There’s been a lot of sturm und drang about proxy access, but no one has ever used it to nominate a board candidate…. that is, until now. CorpGov.net reports that, on November 9, 2016, GAMCO Asset Management Inc. (entity affiliated with activist investor Mario Gabelli) and certain affiliates used the proxy access bylaws recently adopted at National Fuel Gas Company, an NYSE-listed diversified natural gas company, to nominate an “independent highly-qualified nominee” for election to the company’s board at its 2017 annual meeting. In connection with the nomination, the proponent amended its Schedule 13D to reflect submission of the nomination. The 13D indicated that GAMCO believes its nominee’s “skill sets and highly relevant business and financial experience… will be extremely valuable” to the company and that it “is confident that its Nominee will have an immediate positive impact on the Board.” The 13D shows beneficial ownership of 7.81% of the company’s shares. It’s particularly ironic that the first use of proxy access would be by an activist investor — although Gabelli may reject that label — given that the conventional (although not uniform) wisdom has been that activists were unlikely to use proxy access and would opt instead for more traditional election contests.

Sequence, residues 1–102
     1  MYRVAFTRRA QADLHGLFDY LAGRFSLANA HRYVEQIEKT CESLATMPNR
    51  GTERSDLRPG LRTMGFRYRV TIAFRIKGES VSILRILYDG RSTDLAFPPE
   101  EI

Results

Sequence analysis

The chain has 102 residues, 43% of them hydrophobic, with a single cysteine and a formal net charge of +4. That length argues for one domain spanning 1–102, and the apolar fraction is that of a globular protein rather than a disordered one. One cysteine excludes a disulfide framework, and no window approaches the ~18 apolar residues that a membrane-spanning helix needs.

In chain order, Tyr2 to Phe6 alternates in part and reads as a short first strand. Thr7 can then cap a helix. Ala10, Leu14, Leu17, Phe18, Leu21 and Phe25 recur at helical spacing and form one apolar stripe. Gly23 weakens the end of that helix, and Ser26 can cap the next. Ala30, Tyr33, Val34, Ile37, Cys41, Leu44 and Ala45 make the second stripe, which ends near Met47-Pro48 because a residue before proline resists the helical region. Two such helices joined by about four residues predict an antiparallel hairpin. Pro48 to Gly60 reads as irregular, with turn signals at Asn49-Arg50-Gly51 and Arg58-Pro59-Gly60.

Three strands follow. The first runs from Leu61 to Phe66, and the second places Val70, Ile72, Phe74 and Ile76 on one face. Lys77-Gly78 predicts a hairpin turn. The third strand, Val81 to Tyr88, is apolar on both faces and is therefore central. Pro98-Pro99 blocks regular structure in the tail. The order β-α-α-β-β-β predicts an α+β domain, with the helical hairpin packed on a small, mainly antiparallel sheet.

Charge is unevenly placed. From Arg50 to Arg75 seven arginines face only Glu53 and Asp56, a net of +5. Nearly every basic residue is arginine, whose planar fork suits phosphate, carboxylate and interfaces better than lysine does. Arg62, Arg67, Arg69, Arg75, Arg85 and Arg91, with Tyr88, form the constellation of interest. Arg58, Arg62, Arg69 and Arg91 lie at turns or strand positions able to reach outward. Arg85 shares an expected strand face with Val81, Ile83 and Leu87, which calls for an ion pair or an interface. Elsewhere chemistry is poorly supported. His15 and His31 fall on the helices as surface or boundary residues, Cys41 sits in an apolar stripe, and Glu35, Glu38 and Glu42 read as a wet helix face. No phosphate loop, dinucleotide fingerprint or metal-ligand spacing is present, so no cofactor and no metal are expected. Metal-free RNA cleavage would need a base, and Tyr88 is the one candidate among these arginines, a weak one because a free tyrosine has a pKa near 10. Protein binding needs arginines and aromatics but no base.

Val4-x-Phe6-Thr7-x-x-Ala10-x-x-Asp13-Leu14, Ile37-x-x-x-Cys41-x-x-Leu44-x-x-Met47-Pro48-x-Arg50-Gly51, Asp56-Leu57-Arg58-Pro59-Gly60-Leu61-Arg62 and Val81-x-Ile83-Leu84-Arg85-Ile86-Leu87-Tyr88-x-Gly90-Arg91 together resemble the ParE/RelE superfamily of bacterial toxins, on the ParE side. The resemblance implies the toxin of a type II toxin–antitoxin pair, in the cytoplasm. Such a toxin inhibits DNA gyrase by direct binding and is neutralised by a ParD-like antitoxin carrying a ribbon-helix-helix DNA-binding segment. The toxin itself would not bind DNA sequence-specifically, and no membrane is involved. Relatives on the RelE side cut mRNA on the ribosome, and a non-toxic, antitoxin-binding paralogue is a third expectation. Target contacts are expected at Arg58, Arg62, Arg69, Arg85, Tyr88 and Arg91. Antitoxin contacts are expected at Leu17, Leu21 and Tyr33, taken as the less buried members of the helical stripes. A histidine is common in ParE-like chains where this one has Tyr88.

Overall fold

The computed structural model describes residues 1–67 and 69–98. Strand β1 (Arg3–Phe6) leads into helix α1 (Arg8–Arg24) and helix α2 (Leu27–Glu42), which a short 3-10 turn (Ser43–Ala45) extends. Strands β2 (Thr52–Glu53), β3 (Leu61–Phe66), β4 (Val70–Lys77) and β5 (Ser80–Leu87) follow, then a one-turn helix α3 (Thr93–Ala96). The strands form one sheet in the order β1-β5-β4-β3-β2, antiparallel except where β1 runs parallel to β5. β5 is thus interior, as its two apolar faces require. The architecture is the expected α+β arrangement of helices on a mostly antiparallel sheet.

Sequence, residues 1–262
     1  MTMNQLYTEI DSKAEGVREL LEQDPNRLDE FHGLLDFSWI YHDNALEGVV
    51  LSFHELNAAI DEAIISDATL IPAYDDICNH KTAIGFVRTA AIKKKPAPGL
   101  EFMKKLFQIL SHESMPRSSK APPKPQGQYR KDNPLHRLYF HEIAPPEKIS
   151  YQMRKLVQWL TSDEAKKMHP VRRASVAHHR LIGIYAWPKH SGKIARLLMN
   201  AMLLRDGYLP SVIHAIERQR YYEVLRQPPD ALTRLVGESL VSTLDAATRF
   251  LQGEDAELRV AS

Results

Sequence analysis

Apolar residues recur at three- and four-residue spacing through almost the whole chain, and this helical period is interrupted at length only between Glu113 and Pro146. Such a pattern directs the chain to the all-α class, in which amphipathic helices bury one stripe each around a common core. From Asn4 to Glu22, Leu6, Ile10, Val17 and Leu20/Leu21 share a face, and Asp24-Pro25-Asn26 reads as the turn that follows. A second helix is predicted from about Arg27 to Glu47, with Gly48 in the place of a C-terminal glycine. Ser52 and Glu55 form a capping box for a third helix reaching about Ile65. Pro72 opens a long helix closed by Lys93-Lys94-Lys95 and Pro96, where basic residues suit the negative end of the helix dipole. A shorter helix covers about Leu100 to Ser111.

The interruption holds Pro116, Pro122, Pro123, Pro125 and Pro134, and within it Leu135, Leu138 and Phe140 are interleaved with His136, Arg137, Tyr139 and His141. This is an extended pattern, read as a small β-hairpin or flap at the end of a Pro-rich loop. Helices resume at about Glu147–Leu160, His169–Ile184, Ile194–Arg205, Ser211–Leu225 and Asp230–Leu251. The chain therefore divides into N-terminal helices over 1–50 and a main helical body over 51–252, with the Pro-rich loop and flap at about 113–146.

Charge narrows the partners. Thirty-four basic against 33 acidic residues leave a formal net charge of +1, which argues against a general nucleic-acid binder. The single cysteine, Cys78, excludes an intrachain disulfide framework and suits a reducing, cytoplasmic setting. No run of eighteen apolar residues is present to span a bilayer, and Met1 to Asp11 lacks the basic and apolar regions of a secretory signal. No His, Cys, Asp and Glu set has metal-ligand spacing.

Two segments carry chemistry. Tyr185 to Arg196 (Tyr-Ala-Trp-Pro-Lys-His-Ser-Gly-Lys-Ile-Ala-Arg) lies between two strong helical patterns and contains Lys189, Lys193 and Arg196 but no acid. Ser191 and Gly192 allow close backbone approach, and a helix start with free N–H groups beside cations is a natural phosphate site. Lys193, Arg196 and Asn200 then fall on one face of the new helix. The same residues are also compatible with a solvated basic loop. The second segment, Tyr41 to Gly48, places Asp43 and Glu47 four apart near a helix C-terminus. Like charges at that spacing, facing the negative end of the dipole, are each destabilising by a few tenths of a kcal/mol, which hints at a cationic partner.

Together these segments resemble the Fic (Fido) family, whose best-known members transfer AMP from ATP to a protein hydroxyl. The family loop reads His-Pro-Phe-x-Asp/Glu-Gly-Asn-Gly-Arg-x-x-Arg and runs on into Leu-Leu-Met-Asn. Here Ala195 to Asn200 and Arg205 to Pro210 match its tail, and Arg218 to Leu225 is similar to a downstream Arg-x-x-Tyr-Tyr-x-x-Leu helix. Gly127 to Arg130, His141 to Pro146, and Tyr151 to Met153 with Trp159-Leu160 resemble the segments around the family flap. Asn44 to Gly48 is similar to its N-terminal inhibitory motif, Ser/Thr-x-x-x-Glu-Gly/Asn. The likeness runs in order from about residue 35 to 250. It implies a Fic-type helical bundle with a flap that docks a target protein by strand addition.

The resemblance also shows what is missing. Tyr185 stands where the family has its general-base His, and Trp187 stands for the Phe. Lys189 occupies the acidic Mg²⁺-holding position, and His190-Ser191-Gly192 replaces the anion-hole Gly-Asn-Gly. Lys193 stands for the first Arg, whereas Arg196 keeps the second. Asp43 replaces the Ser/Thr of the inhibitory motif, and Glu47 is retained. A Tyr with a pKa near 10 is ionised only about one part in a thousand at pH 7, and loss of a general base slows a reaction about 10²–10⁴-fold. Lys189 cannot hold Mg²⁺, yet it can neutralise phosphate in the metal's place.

As reported in this 2014 article from Yahoo Finance, Gabelli’s GAMCO Investors has in the past pressured “the company to spin off its gas utility segment from its natural gas exploration and midstream assets.” GAMCO even submitted a shareholder proposal for the company’s 2015 annual meeting, requesting the board to engage an investment banking firm to effect a spin-off of the company’s utility segment, contending that it would help to enhance the company’s underlying value. The proposal was rejected by shareholders by a ratio of more than four to one. Could proxy access be another route to the same destination? We’ll keep you posted.